Trump, Clinton and immigration

Nancy Marshall-Genzer Sep 1, 2016
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Hillary Clinton speaks during the 2015 integration immigration conference in Brooklyn, New York on December 14, 2015. KENA BETANCUR/AFP/Getty Images

Trump, Clinton and immigration

Nancy Marshall-Genzer Sep 1, 2016
Hillary Clinton speaks during the 2015 integration immigration conference in Brooklyn, New York on December 14, 2015. KENA BETANCUR/AFP/Getty Images
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Amid the whirlwind coverage of Donald Trump’s trip to Mexico and his immigration speech, one thing may be lost: what Hillary Clinton would do.

Here’s what Clinton says she would do. Introduce “comprehensive immigration reform” within her first 100 days in office, and keep current policies that try to protect some immigrants from deportation.  Like so  called DREAMers  people who were brought here illegally when they were children. That’s what Clinton emphasizes when she meets with undocumented immigrants.  She tells them:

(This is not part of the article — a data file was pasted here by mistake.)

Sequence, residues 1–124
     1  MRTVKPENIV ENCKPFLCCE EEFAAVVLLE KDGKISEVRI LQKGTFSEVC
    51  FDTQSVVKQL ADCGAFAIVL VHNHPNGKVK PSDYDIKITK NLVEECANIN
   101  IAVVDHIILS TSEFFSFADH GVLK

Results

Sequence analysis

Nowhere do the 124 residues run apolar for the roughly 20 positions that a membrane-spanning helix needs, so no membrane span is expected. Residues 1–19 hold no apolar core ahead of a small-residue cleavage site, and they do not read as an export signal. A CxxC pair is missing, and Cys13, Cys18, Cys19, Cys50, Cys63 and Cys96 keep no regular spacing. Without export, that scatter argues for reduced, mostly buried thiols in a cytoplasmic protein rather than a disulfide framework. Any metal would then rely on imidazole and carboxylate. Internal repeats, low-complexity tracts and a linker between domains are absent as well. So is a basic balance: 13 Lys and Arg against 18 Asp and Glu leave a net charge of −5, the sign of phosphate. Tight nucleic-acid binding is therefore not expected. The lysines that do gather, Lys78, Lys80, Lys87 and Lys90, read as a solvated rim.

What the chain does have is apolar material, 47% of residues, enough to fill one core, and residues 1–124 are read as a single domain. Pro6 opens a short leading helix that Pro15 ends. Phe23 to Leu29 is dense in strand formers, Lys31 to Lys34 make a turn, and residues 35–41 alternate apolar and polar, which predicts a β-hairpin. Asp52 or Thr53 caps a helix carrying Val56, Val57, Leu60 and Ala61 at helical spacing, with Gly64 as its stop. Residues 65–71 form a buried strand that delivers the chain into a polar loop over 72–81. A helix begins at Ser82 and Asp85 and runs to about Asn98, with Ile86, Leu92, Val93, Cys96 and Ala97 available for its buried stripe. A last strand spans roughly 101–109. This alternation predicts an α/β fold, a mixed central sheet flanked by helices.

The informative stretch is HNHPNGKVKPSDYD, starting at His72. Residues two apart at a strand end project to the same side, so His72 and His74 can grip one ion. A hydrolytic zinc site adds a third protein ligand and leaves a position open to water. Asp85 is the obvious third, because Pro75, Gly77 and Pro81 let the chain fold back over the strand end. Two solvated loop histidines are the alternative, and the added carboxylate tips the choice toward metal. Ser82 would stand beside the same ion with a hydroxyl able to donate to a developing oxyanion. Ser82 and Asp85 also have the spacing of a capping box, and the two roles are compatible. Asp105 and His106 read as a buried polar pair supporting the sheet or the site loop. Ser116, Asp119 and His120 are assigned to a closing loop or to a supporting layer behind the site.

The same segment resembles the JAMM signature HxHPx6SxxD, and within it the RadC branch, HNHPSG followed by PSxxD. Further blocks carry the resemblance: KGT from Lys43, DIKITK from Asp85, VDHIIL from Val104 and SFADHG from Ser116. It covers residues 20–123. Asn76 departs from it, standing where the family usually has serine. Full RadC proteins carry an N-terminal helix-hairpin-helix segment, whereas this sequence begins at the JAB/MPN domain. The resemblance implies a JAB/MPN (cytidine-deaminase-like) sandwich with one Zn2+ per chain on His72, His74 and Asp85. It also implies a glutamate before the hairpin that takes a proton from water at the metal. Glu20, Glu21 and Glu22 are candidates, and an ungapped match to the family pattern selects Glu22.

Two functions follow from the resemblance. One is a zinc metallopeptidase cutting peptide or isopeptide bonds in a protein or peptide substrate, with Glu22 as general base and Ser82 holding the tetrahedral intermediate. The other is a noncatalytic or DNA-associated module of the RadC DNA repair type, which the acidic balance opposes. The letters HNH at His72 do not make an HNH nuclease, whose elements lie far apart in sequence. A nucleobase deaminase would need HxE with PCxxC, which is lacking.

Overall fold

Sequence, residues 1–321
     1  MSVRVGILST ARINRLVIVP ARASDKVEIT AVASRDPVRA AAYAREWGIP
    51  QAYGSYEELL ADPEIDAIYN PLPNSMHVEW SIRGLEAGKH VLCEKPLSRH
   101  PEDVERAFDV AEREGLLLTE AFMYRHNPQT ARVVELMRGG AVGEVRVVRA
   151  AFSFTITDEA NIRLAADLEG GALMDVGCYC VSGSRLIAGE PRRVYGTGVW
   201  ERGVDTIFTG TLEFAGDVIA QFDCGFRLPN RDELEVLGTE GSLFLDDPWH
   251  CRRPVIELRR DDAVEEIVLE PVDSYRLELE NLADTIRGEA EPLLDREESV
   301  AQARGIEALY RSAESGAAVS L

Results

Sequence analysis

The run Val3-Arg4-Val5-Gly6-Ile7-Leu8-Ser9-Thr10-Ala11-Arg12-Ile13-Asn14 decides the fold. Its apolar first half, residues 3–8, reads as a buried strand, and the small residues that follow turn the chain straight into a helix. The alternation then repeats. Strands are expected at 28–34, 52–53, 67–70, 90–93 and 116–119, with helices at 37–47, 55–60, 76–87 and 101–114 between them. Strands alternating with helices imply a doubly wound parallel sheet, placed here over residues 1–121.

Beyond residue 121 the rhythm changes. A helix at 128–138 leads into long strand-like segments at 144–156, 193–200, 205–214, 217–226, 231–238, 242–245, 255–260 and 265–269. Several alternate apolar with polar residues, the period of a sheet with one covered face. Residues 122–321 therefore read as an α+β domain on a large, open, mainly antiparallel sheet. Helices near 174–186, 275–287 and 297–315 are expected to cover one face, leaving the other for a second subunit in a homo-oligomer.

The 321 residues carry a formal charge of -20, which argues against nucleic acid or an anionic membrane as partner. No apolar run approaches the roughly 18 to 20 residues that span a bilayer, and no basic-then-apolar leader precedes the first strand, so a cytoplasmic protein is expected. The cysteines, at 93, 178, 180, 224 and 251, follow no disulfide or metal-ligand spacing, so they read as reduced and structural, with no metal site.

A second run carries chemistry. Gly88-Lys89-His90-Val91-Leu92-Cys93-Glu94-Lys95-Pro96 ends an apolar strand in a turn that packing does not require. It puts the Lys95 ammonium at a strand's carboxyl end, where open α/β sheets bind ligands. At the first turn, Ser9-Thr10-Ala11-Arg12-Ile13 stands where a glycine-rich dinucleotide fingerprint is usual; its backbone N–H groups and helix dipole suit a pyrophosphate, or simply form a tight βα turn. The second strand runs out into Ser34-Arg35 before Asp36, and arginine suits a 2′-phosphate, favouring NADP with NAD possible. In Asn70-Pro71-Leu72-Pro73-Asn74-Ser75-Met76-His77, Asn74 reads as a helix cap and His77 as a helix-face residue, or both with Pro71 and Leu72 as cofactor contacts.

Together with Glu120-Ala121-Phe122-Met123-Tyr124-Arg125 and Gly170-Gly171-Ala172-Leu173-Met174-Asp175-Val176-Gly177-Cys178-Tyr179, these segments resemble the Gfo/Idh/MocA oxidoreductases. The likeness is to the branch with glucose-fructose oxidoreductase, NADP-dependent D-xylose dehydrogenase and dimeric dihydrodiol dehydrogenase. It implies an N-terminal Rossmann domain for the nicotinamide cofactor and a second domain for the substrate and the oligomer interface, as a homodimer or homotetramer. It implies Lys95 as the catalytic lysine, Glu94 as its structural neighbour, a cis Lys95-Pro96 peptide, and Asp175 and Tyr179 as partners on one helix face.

“I will defend those and I will absolutely protect your children, yourself, and try to bring your family back together,” she said recently.

This is basically an extension of President Obama’s current policy.  In his first term, he was much stricter on immigration. He deported more people than any other president in decades. Even his predecessor. 

“President Obama deported more people in his first administration than President Bush had done under his administration,” said Stephen Yale-Loehr, who teaches immigration law at Cornell University Law School.

According to the Migration Policy Institute, President Obama deported around three million people.  And that’s not cheap.

“The government spent $19 billion on immigration enforcement vs about $15 billion on all other federal criminal law enforcement agencies,” said Randy Capps, the Institute’s director of research for U.S. programs.

Capps said President Obama ratcheted down immigration enforcement in his second term. But there are still lots of U.S. border agents on patrol.

“You now have roughly 21,000 border patrol agents which is a doubling from the level of the early 2000’s when it was around 10,000,” said Edward Alden, a senior fellow at the Council on Foreign Relations.

Our next president  Clinton or Trump  would inherit all of those agents. One difference? Hillary Clinton says she’ll extend President Obama’s softer policies. 

 

 

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